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Artistic responses

Re-collecting Empire uses artistic responses to explore the legacies of empire today.

Alberta Whittle

Alberta Whittle is an artist, researcher and curator. She was awarded a Turner Bursary, the Frieze Artist Award and a Henry Moore Foundation Artist Award in 2020. She is representing Scotland at the 59th Venice Biennale in 2022.

Whittle’s creative practice is motivated by the desire to manifest self-compassion and collective care as a key method of tackling anti-blackness.

Two sets of prints by Whittle will be featured in Re-collecting Empire, including a brand new suite of prints created in response to objects in the University of St Andrews’ Collections. ‘The Conjuror’ offers new insights into Whittle’s anti-colonial practice and her attention to how art can create space for celebration, communion, healing and self-care.

You can here directly from Alberta about her practice and her new work in particular on the Museum’s Curiosity Conversation podcast.

Stephen McLaren

Stephen McLaren is a photographer, writer and curator. His series ‘Jamaica: A Sweet Forgetting’ explores the impact of the imbalanced legacy of the sugar trade on both sides of the Atlantic, showing abandoned plantations in Jamaica, the luxurious homes of the plantation owners back in Scotland, and portraits of Jamaicans of Scottish descent.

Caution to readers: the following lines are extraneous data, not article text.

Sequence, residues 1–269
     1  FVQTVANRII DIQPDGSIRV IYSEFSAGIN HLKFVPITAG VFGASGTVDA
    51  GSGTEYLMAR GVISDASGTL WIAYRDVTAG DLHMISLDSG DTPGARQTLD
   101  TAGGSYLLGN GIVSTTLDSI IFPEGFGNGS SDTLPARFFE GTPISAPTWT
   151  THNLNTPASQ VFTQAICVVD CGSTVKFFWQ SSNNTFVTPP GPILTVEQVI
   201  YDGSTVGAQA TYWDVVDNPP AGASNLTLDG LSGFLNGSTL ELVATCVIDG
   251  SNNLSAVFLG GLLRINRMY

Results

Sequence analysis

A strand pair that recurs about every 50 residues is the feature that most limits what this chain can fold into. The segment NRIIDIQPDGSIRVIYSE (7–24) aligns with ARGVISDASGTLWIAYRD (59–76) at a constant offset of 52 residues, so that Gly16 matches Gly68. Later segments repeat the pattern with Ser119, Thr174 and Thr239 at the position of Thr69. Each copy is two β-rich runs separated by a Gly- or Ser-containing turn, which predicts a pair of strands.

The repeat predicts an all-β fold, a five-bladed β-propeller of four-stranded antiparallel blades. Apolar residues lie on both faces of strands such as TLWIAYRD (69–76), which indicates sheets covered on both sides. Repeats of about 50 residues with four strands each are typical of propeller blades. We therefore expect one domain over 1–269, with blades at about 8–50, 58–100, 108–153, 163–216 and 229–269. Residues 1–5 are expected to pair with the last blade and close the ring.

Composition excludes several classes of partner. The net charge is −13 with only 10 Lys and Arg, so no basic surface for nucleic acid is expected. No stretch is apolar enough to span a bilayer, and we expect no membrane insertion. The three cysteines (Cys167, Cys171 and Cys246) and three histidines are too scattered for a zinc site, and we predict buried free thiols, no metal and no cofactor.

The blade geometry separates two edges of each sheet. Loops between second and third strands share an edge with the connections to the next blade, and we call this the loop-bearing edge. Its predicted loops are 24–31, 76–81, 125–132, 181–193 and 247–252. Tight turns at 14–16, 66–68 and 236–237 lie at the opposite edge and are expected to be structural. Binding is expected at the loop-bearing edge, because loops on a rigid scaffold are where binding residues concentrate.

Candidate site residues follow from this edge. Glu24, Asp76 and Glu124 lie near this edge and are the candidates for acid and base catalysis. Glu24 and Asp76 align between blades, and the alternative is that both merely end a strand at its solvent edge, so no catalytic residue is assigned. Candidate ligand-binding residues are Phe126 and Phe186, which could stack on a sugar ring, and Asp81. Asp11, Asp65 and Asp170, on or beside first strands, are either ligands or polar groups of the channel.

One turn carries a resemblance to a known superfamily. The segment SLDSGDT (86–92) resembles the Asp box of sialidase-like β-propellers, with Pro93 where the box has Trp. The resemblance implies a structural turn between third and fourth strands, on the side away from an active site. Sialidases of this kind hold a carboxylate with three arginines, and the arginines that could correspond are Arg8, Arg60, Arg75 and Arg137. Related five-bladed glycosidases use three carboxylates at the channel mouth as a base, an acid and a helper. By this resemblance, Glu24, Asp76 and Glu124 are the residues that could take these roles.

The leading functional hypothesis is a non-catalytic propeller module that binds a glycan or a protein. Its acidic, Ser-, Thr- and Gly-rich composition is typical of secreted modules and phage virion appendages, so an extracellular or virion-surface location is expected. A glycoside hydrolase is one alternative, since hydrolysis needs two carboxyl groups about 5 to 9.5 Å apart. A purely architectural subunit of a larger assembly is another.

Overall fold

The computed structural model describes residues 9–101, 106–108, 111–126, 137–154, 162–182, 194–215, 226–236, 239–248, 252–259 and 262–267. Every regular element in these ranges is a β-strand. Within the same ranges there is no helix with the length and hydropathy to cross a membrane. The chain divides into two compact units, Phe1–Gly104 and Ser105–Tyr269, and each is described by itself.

He says “In addition to the wealth [plantation owners] brought home, much of Scotland’s economy benefitted from the Jamaican sugar trade, though most Scots chose to forget the misery that lay behind their favourite sweetner. […] To this day a degree of collective amnesia in Scotland obscures this period of Scottish history and conveniently forgets the role Scotland played in the era of African slavery.”

Moving Art, Connecting Voices

‘Moving Art, Connecting Voices’ brings together young people from Afghanistan, Kurdistan, Syria and Vietnam who have recently moved to Scotland and unites them with pupils from Levenmouth Academy in Fife. The group create art, poetry and music to explore their identity and cultures and tackle the media’s portrayal of “migrants” as a faceless whole.

Moving Art, Connecting Voices is a collaboration with the department of English for Speakers of Other Languages at Fife Council and was generously supported by Creative Scotland.